In August, Central Valley Meats was the focus of an undercover activist video that was focused on the handling and stunning of mature cattle. The common response for many as they read the headlines was, “Here we go again.”

Can you blame them for feeling a bit of déjà vu? After all, a similar video was released just four years ago targeting Westland-Hallmark Packing for animal-handling issues. In the time that elapsed between Westland Hallmark and Central Valley, significant changes have occurred in the arena of accountability and transparency for the meat industry.

The move toward transparency has been significant. Four years ago, it was highly unlikely that a day-time talk show would have been allowed through the doors of a slaughter facility.

However, in February 2011, reporter Lisa Ling was granted access to Cargill’s Fort Morgan, Colo., beef slaughter facility for the filming of “Inside a Slaughterhouse” for the Oprah Winfrey Show. If you haven’t seen the video, take a look:

In early September 2012, the American Meat Institute posted a video of slaughter operations at a North American beef slaughter facility. It can be found at the following web link:

The narrator for the video was Dr. Temple Grandin, who has been a very visible and respected expert on humane slaughter. The video is very clear in its depiction of day-to-day handling, stunning and slaughter operations. It was obvious that the facility that granted the video tour was well-managed and took humane handling seriously.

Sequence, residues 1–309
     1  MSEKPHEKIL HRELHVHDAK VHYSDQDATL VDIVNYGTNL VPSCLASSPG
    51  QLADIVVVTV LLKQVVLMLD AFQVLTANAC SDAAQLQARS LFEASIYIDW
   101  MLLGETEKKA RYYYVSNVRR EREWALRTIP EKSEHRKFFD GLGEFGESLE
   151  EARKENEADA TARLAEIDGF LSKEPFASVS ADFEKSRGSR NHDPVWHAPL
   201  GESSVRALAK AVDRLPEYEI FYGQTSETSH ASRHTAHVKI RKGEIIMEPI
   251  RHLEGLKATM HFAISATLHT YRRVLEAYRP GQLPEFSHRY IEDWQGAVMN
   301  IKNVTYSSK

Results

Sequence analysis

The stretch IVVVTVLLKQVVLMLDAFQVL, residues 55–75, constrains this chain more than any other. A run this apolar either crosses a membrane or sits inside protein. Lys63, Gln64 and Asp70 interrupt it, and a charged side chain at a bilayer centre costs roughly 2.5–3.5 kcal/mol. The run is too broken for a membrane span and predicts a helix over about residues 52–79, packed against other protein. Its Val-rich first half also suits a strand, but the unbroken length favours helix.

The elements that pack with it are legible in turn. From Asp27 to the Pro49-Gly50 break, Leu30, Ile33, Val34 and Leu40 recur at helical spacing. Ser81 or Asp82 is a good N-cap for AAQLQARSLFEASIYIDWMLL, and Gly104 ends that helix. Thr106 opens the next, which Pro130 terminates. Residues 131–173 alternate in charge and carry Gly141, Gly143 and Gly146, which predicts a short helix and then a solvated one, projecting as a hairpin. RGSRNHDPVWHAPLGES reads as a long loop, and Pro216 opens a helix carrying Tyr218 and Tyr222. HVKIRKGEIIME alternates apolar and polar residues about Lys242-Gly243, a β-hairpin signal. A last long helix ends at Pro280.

This serves as evidence of the importance of doing things the right way. Many have heard the mantra, “People need to see where their food comes from.” If we think about the experience that the first-time viewer of the slaughter process might have, it becomes easy to realize the importance of making sure that the processes that are observed are being performed effectively and to a high standard.

The video produced by the AMI is a great example of how such a video should be produced. Janet Riley, AMI’s senior vice president of Public Affairs and Professional Development, wrote a blog about the video after it was released where she stated, “Yes, this video is graphic, but it is honest.”

There is significant value in honesty.

When I started teaching Animal Welfare at the University of Wisconsin-River Falls a couple years ago, one of my goals was to give my students as clear and unbiased view of animal production as possible. If they were going to learn to assess animal welfare in an objective manner, they needed to have the ability to take an objective view of the animals’ environment. One of my objectives was to show them the humane slaughter process as closely and with as much detail as possible.

One of my consulting clients had offered to contribute to my classes in the past, so I decided it was time to take them up on the offer. I asked them for a full day of CCTV video of their lairage and stunning operations and lead my students on a video tour of the facility. This tour started at the time the trailer door opened and continued until the calves moved to the legging stand after bleed out.

Of course, I have been very protective of the videos because it takes an admirable amount of trust for a slaughter facility to send video of stunning procedures to a university with the intent of showing it to a group of 80 students of various majors!